MTSU officials are seeking the public’s help to keep the University’s Greenland Drive recycling area cleaner.
The recycling bins at 1500 Greenland Drive, near the Tennessee Livestock Center, are available 24 hours a day for public use.
MTSU Recycling Program officials recently added signs to inform users what is and isn’t acceptable for recycling at the site, as well as signage with useful community recycling guidelines.
The campus and surrounding community can recycle white and mixed paper, magazines, newspapers, books, aluminum cans and plastic containers with identification codes 1 through 7.
Tin cans, glass and e-waste cannot be recycled at the Greenland site. MTSU also is not currently accepting cardboard at the community location while it obtains a new vendor, an official with the program said.
The Community Recycling Area Guidelines ask users to:
- be respectful of MTSU property and others using the site;
- place recycling materials in appropriate bins;
- not leave recycling materials or trash on the ground;
- not climb on or in the bins; and
- not remove materials from the bins.
Facilities Services’ Linda Hardymon, assistant manager with the Center for Energy Efficiency, manages the student-run program.
Six student workers schedule paper pickups in buildings all across campus, help with cleanup “and keep an eye on things for me,” she said. Occasionally, students who are performing community service are part of the program.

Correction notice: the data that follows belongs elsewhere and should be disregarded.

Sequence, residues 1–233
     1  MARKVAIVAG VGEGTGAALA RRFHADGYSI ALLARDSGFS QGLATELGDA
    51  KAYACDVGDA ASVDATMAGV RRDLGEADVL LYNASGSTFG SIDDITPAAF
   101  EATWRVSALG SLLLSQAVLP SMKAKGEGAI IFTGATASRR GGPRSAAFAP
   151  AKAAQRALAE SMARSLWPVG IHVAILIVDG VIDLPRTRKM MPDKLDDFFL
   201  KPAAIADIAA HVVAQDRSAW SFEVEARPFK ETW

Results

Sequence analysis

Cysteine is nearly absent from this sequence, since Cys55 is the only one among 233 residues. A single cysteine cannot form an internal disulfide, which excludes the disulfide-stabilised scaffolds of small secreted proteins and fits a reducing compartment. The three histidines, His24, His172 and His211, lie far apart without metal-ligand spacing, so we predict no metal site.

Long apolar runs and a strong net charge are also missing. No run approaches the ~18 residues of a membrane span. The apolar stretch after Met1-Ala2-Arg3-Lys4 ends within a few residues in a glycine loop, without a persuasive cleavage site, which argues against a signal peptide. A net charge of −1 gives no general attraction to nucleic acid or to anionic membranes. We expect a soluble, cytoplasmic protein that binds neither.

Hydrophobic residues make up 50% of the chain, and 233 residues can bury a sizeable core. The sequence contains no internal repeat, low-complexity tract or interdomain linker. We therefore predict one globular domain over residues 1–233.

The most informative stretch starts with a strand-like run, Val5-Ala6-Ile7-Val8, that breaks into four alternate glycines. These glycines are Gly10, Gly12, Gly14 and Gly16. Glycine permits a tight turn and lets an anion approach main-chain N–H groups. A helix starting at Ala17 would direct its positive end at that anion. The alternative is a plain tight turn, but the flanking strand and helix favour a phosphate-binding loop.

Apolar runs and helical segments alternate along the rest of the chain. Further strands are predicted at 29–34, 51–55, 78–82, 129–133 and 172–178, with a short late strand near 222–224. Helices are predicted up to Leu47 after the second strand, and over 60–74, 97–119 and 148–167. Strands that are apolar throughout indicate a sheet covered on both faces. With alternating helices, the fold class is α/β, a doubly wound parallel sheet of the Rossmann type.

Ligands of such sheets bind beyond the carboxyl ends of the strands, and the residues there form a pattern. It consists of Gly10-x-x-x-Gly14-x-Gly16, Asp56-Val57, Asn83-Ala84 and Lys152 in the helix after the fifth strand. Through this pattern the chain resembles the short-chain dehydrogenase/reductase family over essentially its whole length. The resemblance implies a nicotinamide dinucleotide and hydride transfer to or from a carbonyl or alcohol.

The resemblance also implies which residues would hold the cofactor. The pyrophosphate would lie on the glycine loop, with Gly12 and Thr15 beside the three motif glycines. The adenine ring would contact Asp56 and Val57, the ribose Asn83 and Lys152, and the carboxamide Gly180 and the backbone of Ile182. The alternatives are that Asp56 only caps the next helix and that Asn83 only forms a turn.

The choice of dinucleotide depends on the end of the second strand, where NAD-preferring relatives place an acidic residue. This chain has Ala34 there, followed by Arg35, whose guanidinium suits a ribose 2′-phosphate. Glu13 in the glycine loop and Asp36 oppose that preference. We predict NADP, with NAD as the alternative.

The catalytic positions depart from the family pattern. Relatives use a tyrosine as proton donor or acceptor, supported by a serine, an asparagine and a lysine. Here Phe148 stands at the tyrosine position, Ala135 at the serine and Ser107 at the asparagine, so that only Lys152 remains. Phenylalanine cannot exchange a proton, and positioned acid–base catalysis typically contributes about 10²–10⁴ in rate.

While the first three recycling guidelines are important, the response to the last two often leave Hardymon shaking her head.
She has seen people—four at once, in fact—inside the bins and had to ask them to leave.
“It’s a safety issue,” she said, explaining that such activity could lead to injuries. Once recyclers place items in the bins, she said, the items become MTSU’s property. In effect, removing coupons, cans or anything else is stealing.
She expressed gratitude to those in the community who bring their recyclables to the Greenland Drive site, whether in small or large amounts.
“Recycling is better than not recycling at all,” Hardymon said.
“Our recycling program is a benefit for the community. It could go away at any time. People should be conscientious. Don’t leave a mess for somebody else to clean up.”
— Randy Weiler (Randy Weiler@mtsu.edu)